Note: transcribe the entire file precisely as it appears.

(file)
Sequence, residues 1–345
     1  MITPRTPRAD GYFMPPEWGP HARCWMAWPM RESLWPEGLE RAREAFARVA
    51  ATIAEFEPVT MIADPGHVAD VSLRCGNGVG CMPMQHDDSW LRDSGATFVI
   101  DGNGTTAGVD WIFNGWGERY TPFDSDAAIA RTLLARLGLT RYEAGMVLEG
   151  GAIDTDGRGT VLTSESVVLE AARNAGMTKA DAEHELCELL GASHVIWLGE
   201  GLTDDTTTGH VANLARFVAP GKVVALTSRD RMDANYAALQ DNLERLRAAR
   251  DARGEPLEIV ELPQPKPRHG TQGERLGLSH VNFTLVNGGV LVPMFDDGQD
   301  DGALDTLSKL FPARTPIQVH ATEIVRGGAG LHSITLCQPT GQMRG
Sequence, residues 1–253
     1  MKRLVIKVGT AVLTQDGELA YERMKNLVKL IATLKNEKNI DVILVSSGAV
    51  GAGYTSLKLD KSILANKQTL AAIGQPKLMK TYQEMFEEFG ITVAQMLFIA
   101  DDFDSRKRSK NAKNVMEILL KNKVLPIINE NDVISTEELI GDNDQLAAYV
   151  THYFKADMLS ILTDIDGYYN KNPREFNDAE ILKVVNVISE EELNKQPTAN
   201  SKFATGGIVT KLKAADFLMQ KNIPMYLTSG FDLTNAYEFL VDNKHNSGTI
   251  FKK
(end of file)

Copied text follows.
Sequence, residues 1–345
     1  MITPRTPRAD GYFMPPEWGP HARCWMAWPM RESLWPEGLE RAREAFARVA
    51  ATIAEFEPVT MIADPGHVAD VSLRCGNGVG CMPMQHDDSW LRDSGATFVI
   101  DGNGTTAGVD WIFNGWGERY TPFDSDAAIA RTLLARLGLT RYEAGMVLEG
   151  GAIDTDGRGT VLTSESVVLE AARNAGMTKA DAEHELCELL GASHVIWLGE
   201  GLTDDTTTGH VANLARFVAP GKVVALTSRD RMDANYAALQ DNLERLRAAR
   251  DARGEPLEIV ELPQPKPRHG TQGERLGLSH VNFTLVNGGV LVPMFDDGQD
   301  DGALDTLSKL FPARTPIQVH ATEIVRGGAG LHSITLCQPT GQMRG
Sequence, residues 1–253
     1  MKRLVIKVGT AVLTQDGELA YERMKNLVKL IATLKNEKNI DVILVSSGAV
    51  GAGYTSLKLD KSILANKQTL AAIGQPKLMK TYQEMFEEFG ITVAQMLFIA
   101  DDFDSRKRSK NAKNVMEILL KNKVLPIINE NDVISTEELI GDNDQLAAYV
   151  THYFKADMLS ILTDIDGYYN KNPREFNDAE ILKVVNVISE EELNKQPTAN
   201  SKFATGGIVT KLKAADFLMQ KNIPMYLTSG FDLTNAYEFL VDNKHNSGTI
   251  FKK